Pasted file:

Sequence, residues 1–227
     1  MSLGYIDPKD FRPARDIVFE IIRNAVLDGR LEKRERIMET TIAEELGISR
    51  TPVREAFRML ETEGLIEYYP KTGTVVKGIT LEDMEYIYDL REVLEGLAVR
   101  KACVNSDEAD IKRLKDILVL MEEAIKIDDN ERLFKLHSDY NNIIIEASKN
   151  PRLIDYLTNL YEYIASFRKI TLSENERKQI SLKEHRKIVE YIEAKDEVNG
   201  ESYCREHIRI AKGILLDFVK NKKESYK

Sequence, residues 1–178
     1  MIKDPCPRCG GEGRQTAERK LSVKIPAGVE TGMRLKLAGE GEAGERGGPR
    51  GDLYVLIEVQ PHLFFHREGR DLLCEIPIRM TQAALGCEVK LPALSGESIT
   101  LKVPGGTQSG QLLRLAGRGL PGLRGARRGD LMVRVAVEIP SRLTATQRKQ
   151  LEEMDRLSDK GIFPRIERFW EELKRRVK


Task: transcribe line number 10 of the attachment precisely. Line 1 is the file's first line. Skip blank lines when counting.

   101  LKVPGGTQSG QLLRLAGRGL PGLRGARRGD LMVRVAVEIP SRLTATQRKQ